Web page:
Women’s empowerment through rural water supply A practical guide by and for practitioners

Pump mechanic Dalia Soda at one of the boreholes she maintains in the village of Nzeremu, Salima District, Malawi, June 2016.

© 2016 WaterAid / Alexia Webster • WaterAid / Alexia Webster)

Project starts: 2020
Project finished: 2021
Collaborators & Partners: RWSN Members from the Leave No-one Behind Community
Funder: SDC


This practical guide is the result of a consultation and co-creation process with members of the Rural Water Supply Network (RWSN). Engineers and gender experts have come together to overcome jargon barriers from their respective disciplines. This guide aims to pro-vide water specialists with the language and knowledge on how best to work with gender experts to build more transformative activities.

Une version française sera disponible plus tard dans l'année
La versión en español estará disponible a finales de este año

Project Description

To create this guide, RWSN members were invited to a collaborative e-workshop, a multilingual e-discussion, and to comment on the draft version of the guide. Furthermore, gender experts in the field of rural water supply were consulted throughout the process to en-sure that simplification of the language did not undermine rigour of the underlying social science. The guide also draws upon lessons from RWSN members collected during a former e-discussion on “How women’s engagement in Water User Committees impact on its performance and system functionality” (2016) and a webinar on “Making Water Work for Women, Sharing Inspiring Experiences” (2017).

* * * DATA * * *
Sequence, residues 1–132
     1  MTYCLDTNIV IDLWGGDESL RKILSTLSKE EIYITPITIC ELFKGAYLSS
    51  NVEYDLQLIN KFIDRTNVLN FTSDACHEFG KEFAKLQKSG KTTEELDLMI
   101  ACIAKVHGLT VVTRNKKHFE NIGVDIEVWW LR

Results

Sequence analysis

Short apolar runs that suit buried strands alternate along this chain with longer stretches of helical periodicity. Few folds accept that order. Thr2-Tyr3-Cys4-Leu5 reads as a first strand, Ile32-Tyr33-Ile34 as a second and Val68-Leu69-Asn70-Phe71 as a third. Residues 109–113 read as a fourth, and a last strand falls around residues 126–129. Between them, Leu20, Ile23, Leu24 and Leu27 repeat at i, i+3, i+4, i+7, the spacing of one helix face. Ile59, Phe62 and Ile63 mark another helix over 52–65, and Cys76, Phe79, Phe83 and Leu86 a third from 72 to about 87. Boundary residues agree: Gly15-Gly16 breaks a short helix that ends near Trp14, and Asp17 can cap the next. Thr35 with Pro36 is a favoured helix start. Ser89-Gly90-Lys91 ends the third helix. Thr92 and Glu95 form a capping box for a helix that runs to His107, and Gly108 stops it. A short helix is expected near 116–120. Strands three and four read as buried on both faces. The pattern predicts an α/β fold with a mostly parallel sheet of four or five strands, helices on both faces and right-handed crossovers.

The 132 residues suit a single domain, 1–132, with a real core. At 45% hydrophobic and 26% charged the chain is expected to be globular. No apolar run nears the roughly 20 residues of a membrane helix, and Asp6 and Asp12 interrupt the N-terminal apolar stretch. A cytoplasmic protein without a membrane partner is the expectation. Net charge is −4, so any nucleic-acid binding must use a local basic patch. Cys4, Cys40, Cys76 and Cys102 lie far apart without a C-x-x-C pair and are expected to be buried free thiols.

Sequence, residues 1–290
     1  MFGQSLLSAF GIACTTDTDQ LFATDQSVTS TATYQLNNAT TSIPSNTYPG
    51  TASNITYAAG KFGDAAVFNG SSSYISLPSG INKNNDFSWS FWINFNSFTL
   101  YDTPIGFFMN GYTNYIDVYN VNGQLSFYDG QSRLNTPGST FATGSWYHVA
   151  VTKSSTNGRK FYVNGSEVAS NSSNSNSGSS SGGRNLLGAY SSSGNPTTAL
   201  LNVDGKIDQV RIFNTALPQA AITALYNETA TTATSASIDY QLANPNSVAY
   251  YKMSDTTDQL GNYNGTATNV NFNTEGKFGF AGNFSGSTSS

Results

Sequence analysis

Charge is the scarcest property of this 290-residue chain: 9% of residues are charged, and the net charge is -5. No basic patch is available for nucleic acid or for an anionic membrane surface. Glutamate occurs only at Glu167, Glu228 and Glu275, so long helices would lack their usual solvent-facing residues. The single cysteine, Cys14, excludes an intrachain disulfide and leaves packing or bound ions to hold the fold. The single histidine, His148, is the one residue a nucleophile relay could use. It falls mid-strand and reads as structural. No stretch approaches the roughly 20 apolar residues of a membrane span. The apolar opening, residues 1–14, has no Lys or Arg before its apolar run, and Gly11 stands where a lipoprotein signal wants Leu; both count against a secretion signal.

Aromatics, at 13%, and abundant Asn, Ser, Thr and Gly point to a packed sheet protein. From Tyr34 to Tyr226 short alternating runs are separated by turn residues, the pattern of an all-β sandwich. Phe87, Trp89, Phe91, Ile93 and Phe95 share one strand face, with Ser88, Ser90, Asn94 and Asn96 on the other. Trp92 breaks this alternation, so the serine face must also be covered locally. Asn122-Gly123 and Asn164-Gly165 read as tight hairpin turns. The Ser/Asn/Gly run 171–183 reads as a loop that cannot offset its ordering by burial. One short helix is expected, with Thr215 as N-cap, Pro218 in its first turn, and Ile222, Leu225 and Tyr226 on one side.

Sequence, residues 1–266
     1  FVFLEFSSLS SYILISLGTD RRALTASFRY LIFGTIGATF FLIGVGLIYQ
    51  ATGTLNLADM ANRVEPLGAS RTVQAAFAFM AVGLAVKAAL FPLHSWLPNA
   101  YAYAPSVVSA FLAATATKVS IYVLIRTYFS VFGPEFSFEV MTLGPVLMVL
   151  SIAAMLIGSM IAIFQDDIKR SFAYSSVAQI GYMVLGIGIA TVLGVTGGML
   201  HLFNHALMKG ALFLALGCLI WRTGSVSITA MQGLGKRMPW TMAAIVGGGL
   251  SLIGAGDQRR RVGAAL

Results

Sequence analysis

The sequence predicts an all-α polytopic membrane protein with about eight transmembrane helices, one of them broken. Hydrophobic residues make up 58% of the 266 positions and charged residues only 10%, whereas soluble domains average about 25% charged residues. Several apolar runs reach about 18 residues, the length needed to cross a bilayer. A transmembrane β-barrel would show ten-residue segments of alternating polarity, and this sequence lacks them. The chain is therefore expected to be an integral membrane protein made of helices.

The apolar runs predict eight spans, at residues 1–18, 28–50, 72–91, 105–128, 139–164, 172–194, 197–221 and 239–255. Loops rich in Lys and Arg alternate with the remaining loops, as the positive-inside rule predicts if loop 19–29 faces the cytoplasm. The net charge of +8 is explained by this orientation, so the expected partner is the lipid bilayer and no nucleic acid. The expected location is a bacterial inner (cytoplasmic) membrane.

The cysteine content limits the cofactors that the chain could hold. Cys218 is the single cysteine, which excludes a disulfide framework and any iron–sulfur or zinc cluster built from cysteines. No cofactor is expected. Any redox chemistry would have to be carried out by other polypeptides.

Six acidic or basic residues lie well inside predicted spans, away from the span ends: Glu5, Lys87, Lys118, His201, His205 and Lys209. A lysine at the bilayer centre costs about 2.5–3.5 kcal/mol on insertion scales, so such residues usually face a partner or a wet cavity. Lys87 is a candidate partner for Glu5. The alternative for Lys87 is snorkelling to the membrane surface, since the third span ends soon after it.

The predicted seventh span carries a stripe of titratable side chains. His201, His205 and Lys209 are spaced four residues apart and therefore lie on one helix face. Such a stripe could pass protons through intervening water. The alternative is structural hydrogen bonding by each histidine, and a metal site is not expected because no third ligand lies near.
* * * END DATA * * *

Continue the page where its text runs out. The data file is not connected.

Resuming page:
The guide has five parts: The introduction presents the rationale be-hind this guide and highlights elements to keep in mind throughout the guide. Then, the concepts of women’s empowerment, as under-stood in this guide, are introduced and broken down into five key factors: access to information; participation; engagement & inclusive-ness; power dynamics & structures; and capacity-building. Part three provides practical steps to follow within each empowerment factor, while false beliefs (or myths) are exposed. After looking at the factors, part four looks at women’s empowerment throughout the cycle of an activity: identification, design; implementation; monitoring & eval-uation; and reporting. Each stage contains a checklist of actions. Fi-nally, concluding remarks underline the importance of women’s em-powerment as a strategic objective in itself, and discuss the impact on external stressors on women’s empowerment.


The co-authors were aware of the rich variety of tools that already exist, related to women’s empowerment, and wanted to make this wealth of knowledge available. Throughout the collaborative writing process, useful tools were identified and compiled into a list, which is available in the Annex. You are encouraged to have look at the list to deepen your knowledge on the topic and go beyond the content of this guide.

Have we missed something? Do you have questions on any of the aspects raised in this guide? Get in touch with the RWSN Secretariat or join the RWSN Leave No-one Behind community and help us re-vise and improve this document in future.

More Information

» Download the RWSN Guide

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